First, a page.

Read this article to learn about Micro bodies of Eukaryotic Cell !
Micro bodies are small cell organelles bounded by single membrane which absorb molecular oxygen and take part in oxidation other than those involved in respiration.
These submicroscopic bodies were observed for the first time in 1954 in the mouse kidney tubule cells with the help of electron microscope.
They are present in almost all eukaryotic cells. They are mostly seen near the endoplasmic reticulum (ER), and sometimes near mitochondria and plastids.
They are absent in prokaryotic cells.
The micro-bodies pinch off from the rough endoplasmic reticulum (RER) after receiving the enzymes synthesized on RER.
These are oxidative bodies and play important role in the metabolism of fats, sugars and amino acids.
Micro-bodies are of two types—peroxisomes and glyoxysomes.
These micro bodies are found in both animals and plants. They were discovered by Rhodin in 1954, and studied in detail by Tolbert in 1969. Since they contain enzymes for peroxidase synthesis, they are called peroxisomes. They are found in close association with ER, mitochondria and chloroplasts.
In animals, they can be seen in liver and kidney cells. They are found in abundance in photosynthesizing cells; and each such cell may contain up to 70-100 peroxisomes. They develop from ER, and their shape and size are variable (mostly 0.5-1.Oµm in diameter).Each peroxisome is covered by a single unit membrane. They have a matrix of fine granules in the central part of which there is a homogeneous and opaque and fibrous core (Fig. 3.35).
Glycolic acid oxidase, peroxidase (smallest enzyme), catalase (largest enzyme) and «–amino acid oxidases are found in high concentration in peroxisomes.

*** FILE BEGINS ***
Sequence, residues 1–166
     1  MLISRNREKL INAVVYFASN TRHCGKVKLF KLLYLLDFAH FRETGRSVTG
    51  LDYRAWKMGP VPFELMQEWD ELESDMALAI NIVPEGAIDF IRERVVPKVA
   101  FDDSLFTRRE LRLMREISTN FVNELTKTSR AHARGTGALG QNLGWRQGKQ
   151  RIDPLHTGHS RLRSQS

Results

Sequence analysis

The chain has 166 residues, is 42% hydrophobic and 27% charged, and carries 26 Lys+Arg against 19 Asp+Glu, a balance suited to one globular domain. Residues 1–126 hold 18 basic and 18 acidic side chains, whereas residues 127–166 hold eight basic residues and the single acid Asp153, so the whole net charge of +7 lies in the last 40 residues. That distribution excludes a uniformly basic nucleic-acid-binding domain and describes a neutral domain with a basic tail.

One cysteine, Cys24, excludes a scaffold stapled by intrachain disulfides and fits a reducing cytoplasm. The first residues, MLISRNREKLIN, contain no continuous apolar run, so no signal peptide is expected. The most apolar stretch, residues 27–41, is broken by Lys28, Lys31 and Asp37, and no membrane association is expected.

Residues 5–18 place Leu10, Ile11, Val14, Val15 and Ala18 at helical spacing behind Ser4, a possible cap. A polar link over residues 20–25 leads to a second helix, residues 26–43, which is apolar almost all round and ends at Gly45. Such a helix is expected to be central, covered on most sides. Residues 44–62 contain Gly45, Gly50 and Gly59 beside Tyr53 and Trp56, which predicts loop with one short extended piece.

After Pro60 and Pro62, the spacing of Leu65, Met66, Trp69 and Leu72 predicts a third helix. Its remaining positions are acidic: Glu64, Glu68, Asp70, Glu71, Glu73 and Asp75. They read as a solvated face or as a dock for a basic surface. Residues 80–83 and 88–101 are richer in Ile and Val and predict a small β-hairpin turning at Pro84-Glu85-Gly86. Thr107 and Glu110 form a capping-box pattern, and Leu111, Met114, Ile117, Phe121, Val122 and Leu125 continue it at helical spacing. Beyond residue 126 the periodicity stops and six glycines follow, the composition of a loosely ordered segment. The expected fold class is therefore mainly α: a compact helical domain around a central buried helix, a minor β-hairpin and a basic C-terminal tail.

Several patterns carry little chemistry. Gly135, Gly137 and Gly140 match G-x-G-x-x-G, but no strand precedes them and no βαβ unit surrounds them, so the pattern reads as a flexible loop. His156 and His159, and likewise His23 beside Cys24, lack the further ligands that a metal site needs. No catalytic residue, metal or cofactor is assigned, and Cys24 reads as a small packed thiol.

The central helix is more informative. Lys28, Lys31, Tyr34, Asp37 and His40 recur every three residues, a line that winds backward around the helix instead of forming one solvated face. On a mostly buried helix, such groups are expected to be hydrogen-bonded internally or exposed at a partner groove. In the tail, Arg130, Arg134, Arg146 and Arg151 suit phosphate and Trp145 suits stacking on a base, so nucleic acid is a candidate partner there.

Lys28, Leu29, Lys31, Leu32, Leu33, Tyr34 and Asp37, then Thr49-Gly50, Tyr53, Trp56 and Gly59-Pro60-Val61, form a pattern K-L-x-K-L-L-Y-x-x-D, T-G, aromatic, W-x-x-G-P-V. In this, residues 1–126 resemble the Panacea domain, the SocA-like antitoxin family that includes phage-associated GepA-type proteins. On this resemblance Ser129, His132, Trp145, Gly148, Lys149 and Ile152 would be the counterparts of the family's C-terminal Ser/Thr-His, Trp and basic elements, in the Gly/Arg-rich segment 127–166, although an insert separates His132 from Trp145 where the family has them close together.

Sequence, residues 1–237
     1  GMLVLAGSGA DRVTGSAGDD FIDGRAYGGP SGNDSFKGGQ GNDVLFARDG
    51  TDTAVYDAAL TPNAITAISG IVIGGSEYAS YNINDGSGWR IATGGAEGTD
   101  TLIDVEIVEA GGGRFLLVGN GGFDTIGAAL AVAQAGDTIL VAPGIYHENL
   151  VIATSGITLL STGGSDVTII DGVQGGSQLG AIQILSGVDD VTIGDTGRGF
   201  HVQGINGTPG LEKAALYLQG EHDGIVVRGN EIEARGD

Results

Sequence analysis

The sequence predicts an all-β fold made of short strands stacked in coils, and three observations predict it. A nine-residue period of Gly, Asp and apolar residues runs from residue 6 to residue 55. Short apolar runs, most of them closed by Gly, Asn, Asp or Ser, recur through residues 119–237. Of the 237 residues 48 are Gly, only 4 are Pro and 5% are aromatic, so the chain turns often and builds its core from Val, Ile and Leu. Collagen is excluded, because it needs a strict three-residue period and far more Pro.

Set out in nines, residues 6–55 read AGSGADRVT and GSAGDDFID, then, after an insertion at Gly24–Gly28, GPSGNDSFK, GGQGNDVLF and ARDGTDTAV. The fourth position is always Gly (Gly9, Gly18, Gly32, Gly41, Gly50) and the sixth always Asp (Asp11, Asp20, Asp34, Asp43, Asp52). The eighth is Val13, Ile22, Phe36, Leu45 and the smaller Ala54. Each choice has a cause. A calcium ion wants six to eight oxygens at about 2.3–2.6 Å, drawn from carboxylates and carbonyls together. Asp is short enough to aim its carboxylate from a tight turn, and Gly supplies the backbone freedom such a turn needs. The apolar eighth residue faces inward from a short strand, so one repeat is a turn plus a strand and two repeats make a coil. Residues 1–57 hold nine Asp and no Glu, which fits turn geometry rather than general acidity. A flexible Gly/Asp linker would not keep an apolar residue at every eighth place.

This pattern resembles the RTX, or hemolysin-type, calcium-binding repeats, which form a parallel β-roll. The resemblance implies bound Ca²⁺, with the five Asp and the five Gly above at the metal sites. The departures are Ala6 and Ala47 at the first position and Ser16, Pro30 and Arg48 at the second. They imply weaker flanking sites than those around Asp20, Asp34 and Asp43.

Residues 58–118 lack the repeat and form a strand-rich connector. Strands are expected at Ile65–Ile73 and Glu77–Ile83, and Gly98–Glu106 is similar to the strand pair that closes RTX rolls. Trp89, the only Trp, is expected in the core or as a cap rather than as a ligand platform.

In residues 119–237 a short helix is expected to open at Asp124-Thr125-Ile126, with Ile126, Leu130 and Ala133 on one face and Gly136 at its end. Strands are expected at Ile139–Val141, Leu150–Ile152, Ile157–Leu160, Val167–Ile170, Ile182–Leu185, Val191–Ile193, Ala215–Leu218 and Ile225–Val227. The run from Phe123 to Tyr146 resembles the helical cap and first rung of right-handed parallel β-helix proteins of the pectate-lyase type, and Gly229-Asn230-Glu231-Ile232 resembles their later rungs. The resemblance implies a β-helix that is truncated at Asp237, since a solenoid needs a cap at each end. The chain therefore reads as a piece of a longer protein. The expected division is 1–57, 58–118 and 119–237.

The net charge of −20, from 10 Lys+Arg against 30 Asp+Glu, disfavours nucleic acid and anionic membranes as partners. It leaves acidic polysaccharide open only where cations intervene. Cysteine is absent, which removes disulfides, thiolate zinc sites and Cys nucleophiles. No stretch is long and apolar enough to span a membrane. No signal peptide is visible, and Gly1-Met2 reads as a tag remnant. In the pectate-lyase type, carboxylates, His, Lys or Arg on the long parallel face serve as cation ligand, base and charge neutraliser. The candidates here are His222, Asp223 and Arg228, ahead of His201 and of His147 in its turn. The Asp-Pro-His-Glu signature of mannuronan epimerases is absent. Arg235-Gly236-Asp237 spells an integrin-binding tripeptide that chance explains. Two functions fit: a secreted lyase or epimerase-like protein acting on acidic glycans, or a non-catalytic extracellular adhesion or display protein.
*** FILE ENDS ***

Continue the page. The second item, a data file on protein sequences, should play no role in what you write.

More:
In animal cells, peroxisomes take part in oxidation of a number of bio-chemicals including may also take part in lipid metabolism.
They are found in abundance in plant cells in which photorespiration takes place (i.e., in C3 plants). During photorespiration, green plants release CO2 during day time. The peroxisomes contain enzyme glycolic acid oxidase that oxidises glycolic acid, a product of photosynthesis, to glyoxylic acid, a process called photorespiration.
The glyoxylic acid may give rise to succinic acid or change into an amino acid glycine. The succinic acid may enter Krebs cycle or change into glucose. The amino acid glycine takes part in protein synthesis. The plant peroxisomes possess enzymes for all these metabolic processes.
These micro bodies were discovered by Beevers (1961), and studied by Briedenbach in 1967. They are very small spherical bodies with single unit membrane found only in plants (Fig. 3.36). They contain enzymes for glyoxylate pathway. They are found in abundance in the cells of germinating oil seeds and some fungi, β-oxidation of fatty acids produces acetyl CoA, which is metabolised in glyoxylate cycle to produce carbohydrates. It also helps in conversion of stored lipid in germination oil seeds into glucose called gluconeogenesis.